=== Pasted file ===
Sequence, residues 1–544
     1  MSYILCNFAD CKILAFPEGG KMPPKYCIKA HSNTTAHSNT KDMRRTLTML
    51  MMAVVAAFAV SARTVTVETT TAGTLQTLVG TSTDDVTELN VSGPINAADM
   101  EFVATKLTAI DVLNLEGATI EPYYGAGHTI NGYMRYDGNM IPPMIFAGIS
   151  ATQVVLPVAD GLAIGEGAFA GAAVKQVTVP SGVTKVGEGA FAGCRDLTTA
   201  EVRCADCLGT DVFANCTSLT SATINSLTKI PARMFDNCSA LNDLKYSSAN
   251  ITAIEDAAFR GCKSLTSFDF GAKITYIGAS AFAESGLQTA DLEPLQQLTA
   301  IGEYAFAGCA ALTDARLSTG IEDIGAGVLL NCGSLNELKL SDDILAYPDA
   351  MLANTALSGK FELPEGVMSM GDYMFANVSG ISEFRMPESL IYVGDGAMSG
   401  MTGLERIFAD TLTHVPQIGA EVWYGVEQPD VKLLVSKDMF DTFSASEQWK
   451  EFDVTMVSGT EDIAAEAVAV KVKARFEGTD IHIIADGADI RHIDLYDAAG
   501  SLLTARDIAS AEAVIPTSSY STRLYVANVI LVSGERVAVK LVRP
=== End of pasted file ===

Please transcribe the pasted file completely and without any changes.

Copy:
Sequence, residues 1–544
     1  MSYILCNFAD CKILAFPEGG KMPPKYCIKA HSNTTAHSNT KDMRRTLTML
    51  MMAVVAAFAV SARTVTVETT TAGTLQTLVG TSTDDVTELN VSGPINAADM
   101  EFVATKLTAI DVLNLEGATI EPYYGAGHTI NGYMRYDGNM IPPMIFAGIS
   151  ATQVVLPVAD GLAIGEGAFA GAAVKQVTVP SGVTKVGEGA FAGCRDLTTA
   201  EVRCADCLGT DVFANCTSLT SATINSLTKI PARMFDNCSA LNDLKYSSAN
   251  ITAIEDAAFR GCKSLTSFDF GAKITYIGAS AFAESGLQTA DLEPLQQLTA
   301  IGEYAFAGCA ALTDARLSTG IEDIGAGVLL NCGSLNELKL SDDILAYPDA
   351  MLANTALSGK FELPEGVMSM GDYMFANVSG ISEFRMPESL IYVGDGAMSG
   401  MTGLERIFAD TLTHVPQIGA EVWYGVEQPD VKLLVSKDMF DTFSASEQWK
   451  EFDVTMVSGT EDIAAEAVAV KVKARFEGTD IHIIADGADI RHIDLYDAAG
   501  SLLTARDIAS AEAVIPTSSY STRLYVANVI LVSGERVAVK LVRP